Comparative GovernmentPOL 221W
Prerequisite: LEVEL 2 READING or LEVEL 2 WRITING or co-enrollment in ENG 98. Studies major European and selected non-western political systems. Emphasizes the techniques of comparative analysis and concepts of modernization, political development, and political culture. (This course satisfies the American Government graduation requirement in all curricula.) (45-0)
Outcomes and Objectives
Recognize the importance of studying the political systems, behavior, and values of other countries.
- Relate knowledge of the politics of foreign countries to a better understanding of our own political system.
- Demonstrate how knowledge of the politics of foreign countries allows us as citizens to discuss and evaluate more intelligently U.S. policy and attitudes toward those countries.
- Use the ways in which different governments respond to similar problems to suggest how a community of nations can manage global challenges.
Assess conceptual frameworks used in political science to describe, explain, and classify different political systems.
- Explain and apply the Aristotelian Theory for classifying political systems
- Explain and apply Max Weber's stages of political development (traditional, charismatic, and bureaucratic).
- Explain and apply classifications of political systems based on structural differentiation and cultural secularization.
- Test how well these frameworks explain continuity and change in different political systems.
- Evaluate the ability of these frameworks to formulate generalizations based on unique and different political systems that advance our understanding of comparative politics.
Analyze how individuals and groups influence political institutions in different political systems.
- Assess the influence on political behavior of: historical background, geography, economic and social conditions, ethnic and caste groups, religious beliefs and ideologies.
- Relate the nature of political institutions in different systems to: political culture and political socialization; the role of political parties and interest groups; the manner in which individual citizens participate in civic affairs; the ways in which rulers are chosen.
- Suggest causal links between forms of political behavior and how political institutions exercise power.
Analyze forms of military involvement in politics in different political systems.
- Describe the roles performed by the military in different political systems.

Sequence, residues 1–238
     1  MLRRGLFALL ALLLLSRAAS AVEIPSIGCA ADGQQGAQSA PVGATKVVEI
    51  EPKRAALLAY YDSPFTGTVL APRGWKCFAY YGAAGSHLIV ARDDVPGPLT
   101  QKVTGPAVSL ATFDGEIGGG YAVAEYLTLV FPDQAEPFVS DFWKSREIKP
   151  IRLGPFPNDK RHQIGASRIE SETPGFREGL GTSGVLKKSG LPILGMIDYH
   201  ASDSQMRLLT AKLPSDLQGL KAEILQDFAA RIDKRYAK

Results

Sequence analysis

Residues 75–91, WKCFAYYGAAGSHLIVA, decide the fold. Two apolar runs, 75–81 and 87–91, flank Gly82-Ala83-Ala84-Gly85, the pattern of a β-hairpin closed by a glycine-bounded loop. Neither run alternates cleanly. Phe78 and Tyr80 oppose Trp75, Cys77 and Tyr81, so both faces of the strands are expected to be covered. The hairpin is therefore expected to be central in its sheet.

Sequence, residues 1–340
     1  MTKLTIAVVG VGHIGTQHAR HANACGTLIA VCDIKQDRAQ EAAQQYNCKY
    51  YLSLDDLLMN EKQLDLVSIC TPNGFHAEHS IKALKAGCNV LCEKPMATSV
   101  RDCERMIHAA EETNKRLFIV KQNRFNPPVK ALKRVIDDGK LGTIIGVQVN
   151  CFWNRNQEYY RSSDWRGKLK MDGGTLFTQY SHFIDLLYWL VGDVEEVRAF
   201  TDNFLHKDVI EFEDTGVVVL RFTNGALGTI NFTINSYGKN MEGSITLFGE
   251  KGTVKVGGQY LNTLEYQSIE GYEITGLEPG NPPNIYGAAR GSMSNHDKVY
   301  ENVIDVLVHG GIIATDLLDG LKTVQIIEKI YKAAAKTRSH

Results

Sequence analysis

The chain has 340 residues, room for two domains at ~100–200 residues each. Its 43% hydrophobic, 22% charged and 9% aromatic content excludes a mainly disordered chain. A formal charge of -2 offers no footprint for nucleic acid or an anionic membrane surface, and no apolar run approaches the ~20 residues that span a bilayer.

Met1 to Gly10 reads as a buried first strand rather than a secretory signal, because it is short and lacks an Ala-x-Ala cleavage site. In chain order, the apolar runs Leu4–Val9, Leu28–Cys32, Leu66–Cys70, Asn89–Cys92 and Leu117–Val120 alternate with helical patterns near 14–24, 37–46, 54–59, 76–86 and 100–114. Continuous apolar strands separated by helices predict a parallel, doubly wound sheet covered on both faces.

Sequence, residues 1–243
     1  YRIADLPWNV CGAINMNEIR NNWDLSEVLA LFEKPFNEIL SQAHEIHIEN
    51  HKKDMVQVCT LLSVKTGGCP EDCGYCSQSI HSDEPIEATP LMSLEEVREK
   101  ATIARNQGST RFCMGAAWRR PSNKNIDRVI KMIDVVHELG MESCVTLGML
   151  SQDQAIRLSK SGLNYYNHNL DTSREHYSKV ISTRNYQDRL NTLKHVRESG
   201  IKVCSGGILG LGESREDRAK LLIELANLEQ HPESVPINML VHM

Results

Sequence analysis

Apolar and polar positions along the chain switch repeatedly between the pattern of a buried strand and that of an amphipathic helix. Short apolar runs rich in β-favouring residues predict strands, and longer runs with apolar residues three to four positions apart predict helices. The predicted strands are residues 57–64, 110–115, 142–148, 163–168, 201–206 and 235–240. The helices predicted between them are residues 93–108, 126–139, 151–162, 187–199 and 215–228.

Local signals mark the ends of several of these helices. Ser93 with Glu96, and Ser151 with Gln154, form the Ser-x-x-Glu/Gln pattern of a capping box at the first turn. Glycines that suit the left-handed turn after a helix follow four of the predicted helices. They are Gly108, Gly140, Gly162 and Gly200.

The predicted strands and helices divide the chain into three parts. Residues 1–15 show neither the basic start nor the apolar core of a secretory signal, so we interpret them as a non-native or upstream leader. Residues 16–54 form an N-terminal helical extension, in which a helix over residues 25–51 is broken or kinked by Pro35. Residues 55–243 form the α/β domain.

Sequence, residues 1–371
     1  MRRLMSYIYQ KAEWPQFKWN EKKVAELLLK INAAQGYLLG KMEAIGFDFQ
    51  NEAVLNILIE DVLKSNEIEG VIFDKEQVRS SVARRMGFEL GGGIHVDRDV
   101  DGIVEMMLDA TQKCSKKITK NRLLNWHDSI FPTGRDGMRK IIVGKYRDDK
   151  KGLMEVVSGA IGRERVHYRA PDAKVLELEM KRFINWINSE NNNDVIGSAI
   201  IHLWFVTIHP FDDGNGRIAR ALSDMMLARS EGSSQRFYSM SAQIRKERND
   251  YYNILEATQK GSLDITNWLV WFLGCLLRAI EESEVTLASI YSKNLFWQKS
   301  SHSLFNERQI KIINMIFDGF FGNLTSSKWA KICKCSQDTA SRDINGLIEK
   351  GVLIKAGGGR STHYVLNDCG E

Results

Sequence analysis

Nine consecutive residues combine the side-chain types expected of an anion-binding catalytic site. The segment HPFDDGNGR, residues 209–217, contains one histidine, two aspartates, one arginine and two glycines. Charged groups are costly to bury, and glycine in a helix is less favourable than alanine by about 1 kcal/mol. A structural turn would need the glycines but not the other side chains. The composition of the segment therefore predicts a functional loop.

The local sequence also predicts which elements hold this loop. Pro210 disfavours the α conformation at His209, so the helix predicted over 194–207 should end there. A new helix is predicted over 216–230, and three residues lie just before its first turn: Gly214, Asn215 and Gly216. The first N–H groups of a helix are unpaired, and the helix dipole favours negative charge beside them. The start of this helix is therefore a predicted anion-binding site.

- Assess the ability of the military to act as modernizers in developing societies.
- Evaluate methods used in different political systems to assure civilian control of the military.
- Draw conclusions regarding the appropriateness of the military's intervention in politics.
Assess the ability of political institutions in different systems to make and administer public policies.
- Identify the basic functions performed by political institutions in all systems.
- Compare and contrast different political systems in terms of: use of constitutions or basic laws; geographical division of power (unitary or federal system); the nature of executive authority; legislatures and assemblies; the role assigned to courts of law.
- Evaluate the ability of political institutions in different systems to: maintain order, protect national security, resolve the competitive demands of individuals and groups, provide vital services.
- Judge the strengths and weaknesses of the policy-making processes used in different political systems.
- Draw conclusions regarding the appropriateness of political institutions and policy processes used in western and non-western democracies, and western and non-western authoritarian systems.
Analyze the ability of different political systems to deal with social conflict.
- Describe the types and causes of social conflict in different systems.
- Evaluate approaches used in different systems to ameliorate conflict related to the process of modernization.
- Identify conditions that facilitate the export of conflict from one country to another.
- Assess prospects for successful intervention in extreme cases of social conflict by external actors (nations, regional, or universal).
- Develop a model for how unique political systems can manage social conflict.
Write effectively for a specific audience and purpose.
- Articulate clearly important ideas.
- Select, organize, and present details to support a main idea.
- Employ the conventions of written, edited, standard English.
- Quote, paraphrase and summarize accurately.
- Document sources in a conventional style.
- Use appropriate vocabulary for the audience and purpose.
Demonstrate the learning of concepts through writing
- Analyze course content in written form.
- Explain the subject matter in a coherent writing style.